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THE NATION | COLUMN ONE

Cutting Edge of Secrecy

'Better shred than read' are the new watchwords of white-collar America. But inquiring minds are getting better at picking up the pieces.

February 06, 2002|J. MICHAEL KENNEDY | TIMES STAFF WRITER

Two decades ago, Iranian students who stormed the U.S. embassy in Tehran found a mountain of paper shredded by American diplomats who were trying to hastily destroy secret documents. The enterprising students brought in carpet weavers, who reassembled the papers, strip by painstaking strip.

The result: volume after volume of classified material, made available in those days at Tehran bookstores. The reconstituted documents became collectors' items and added to the growing, and sometimes dubious lore of paper shredding.

Now, bankrupt energy trader Enron is adding its own chapter. Recent revelations paint a picture of corporate shredding machines hard at work even as the company went bust and investigators moved in to examine hundreds of suspicious partnership deals.

Like the Tehran experience, the shredding may be all for naught. Modern sleuthing can overcome some of the most devious destruction. Yet the notoriety of the Enron shredding, like many earlier episodes, is almost certain to enhance the perception that the only safe secret is a shredded secret.

In most corporations, the shredder is now as common as water coolers and filing cabinets. Regularly scheduled shredding sessions can legally dispose of documents that in the future might be subject to a subpoena. Whole warehouses of files, and even defective products, have found their way into gnawing electronic teeth.

The National Assn. for Information Destruction, the industry trade association, estimates the number of shredding companies nationwide at around 600, up from perhaps 25 in the early 1980s. Iron Mountain Inc., one of the largest records-management companies in the world, estimates that American businesses spend roughly $300 million a year on shredding documents.

Increasingly, however, that doesn't mean the data can't be recovered by investigators. Because most documents are created on computers, then passed along electronically, shredding paper copies eliminates only one version.

Sergio Kopelev, an electronic sleuth for Control Risks Inc., an international business-risk consulting company, said chances are good he could come up with a destroyed Enron document by examining the company's computer hard drives. (A computer forensics firm has been hired by the Andersen accounting firm to do just that.)

"It would be complicated because of the sheer volume of data you'd have to process," Kopelev said. "But this kind of procedure is routinely done by computer investigators. I would love to be the one to do it."

Various parties, meanwhile, are trying to sort out what to do with the thousands of strips of shredded material confiscated in the Enron investigation. As matters now stand, the shreds are in the hands of the Milberg Weiss law firm, which represents a former Enron executive who found them.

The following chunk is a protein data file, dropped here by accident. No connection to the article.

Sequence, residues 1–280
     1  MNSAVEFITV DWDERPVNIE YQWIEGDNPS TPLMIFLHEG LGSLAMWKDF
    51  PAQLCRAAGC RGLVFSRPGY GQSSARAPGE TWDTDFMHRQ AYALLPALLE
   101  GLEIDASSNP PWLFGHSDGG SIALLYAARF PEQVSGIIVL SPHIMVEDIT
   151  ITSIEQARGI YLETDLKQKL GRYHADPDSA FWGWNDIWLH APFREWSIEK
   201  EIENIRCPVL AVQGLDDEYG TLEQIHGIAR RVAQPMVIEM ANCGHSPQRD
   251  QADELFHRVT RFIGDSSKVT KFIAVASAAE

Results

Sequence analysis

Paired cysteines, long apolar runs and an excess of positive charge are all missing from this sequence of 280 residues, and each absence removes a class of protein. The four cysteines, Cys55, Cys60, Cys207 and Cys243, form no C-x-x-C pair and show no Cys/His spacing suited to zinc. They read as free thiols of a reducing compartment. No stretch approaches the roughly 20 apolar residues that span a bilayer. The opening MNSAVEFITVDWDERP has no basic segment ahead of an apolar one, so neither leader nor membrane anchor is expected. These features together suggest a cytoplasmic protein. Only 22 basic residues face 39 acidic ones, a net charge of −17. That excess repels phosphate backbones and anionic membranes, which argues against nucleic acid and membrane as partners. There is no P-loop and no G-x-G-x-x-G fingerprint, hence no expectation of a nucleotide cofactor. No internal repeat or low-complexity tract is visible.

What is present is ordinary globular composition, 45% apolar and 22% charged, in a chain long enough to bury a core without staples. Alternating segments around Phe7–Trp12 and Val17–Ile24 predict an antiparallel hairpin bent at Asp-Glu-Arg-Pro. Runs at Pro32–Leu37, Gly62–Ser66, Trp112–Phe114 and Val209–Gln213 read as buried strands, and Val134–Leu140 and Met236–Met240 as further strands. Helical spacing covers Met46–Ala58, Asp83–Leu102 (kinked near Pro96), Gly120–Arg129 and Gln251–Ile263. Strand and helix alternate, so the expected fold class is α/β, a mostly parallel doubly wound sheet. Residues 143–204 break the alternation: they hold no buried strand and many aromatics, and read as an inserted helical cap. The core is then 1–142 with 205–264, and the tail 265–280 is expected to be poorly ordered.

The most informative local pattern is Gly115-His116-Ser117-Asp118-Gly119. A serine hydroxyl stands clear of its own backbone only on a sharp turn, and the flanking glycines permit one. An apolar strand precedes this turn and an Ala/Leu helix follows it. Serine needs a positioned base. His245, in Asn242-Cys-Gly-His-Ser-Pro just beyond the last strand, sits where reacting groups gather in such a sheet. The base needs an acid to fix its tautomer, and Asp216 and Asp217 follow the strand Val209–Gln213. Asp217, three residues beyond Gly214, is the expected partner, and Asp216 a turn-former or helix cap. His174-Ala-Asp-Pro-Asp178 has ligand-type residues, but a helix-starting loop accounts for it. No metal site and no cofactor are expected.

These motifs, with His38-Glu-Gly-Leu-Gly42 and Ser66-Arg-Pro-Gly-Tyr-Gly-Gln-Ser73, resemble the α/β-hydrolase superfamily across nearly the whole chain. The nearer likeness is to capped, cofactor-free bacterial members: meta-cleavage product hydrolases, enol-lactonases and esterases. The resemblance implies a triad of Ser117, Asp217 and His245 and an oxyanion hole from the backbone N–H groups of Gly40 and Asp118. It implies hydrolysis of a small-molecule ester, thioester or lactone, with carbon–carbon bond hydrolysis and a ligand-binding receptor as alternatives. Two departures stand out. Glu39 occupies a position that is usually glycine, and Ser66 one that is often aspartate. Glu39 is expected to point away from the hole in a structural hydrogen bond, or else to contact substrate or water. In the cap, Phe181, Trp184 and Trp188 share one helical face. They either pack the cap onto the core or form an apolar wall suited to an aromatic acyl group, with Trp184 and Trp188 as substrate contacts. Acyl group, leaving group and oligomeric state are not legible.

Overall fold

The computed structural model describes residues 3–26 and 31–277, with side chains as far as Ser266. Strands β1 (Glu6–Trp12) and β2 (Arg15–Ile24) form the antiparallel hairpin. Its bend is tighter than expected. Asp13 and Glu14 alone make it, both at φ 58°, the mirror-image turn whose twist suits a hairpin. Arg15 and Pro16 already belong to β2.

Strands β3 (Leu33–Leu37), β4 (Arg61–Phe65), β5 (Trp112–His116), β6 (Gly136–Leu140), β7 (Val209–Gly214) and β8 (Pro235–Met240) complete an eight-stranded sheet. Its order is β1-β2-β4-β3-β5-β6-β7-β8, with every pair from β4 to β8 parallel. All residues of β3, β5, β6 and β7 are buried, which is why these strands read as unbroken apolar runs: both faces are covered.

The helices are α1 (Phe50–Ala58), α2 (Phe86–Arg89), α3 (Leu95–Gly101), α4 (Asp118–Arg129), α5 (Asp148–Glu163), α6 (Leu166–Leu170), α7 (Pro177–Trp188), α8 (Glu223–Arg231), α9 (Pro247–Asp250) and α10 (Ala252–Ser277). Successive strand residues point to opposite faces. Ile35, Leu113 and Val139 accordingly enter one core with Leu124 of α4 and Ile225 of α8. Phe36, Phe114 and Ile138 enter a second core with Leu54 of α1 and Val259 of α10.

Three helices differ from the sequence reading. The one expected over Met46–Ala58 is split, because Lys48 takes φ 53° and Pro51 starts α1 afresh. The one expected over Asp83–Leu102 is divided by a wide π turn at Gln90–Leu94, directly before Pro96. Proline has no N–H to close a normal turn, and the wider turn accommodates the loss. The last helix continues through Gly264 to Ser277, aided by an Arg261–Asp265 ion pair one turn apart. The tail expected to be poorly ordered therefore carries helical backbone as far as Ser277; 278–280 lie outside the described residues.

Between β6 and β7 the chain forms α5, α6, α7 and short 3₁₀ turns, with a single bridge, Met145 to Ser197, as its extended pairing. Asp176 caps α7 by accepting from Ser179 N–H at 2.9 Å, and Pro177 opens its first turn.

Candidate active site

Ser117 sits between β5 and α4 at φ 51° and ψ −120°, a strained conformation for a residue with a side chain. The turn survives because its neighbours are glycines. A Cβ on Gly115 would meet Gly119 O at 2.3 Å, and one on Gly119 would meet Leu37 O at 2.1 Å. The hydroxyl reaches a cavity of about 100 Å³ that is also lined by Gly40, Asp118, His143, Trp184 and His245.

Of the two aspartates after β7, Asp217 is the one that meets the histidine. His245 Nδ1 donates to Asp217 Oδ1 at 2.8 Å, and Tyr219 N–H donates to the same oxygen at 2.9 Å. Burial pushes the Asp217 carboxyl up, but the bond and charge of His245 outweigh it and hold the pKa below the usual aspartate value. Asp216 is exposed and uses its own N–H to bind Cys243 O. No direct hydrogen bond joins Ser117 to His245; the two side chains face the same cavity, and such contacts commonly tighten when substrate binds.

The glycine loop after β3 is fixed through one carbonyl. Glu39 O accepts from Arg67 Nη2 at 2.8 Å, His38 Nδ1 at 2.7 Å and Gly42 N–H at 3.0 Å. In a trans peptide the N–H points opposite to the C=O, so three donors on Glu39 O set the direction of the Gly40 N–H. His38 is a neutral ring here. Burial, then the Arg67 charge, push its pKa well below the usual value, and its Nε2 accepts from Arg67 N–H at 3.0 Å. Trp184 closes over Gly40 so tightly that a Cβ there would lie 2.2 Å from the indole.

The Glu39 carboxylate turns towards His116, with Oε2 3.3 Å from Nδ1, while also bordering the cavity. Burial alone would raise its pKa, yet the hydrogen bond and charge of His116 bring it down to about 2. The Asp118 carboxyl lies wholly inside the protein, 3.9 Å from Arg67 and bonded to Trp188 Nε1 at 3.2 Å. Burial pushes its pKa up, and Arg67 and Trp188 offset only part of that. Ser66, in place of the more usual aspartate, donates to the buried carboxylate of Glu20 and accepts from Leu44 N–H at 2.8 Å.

The strips of paper have been subpoenaed by the Securities and Exchange Commission. Neither the SEC nor the Department of Justice would comment on any plans to reconstruct the documents, though a spokesman for Milberg Weiss said whole lines of type are clearly visible because the documents were shredded horizontally--as were the Iran embassy documents that were reassembled. That embarrassing incident caused American embassies worldwide to upgrade their shredding machines so they produced confetti rather than paper strips.

How shredding began is subject to some guesswork. Shredder importer Jack Preiss says the first commercial patent was issued in 1935, with a concept borrowed from a Bavarian noodle cutter. Other sources put its invention earlier, including one story of an Austrian artillery officer who developed a foot-powered shredder in the late 19th century so he could destroy his ballistics drawings.

Once merely a tool of institutions such as hospitals that routinely destroyed records to protect patient privacy, shredding blossomed into a truly diverse industry after the Watergate burglary in 1972.

G. Gordon Liddy, mastermind of the break-in, shredded as much as he could find that was connected with the botched burglary, including soap wrappers and $100 bills from illegal campaign funds. But he couldn't get rid of everything. Liddy later opined in his autobiography that he could have used a much bigger shredder.

"The year before Watergate, I sold 70 shredders," said John Wagner of Allegheny Paper Shredders, who has installed industrial facilities worldwide. "After Watergate, I sold 400. Everybody's attitude was, 'We've got to have a shredder.' "

Other infamous and market-building shreddings followed. Former Lt. Col. Oliver L. North held a shredding party just before Justice Department investigators began searching his office for evidence in the Iran-Contra scandal. The Bank of Switzerland shredded Holocaust-era documents showing that Nazis forced Jews to sell their property far below its fair value. The Treasury Department fed 162 boxes of American Indian trust fund documents into its shredders in 1998, even as it was accused of mismanaging Indian funds.

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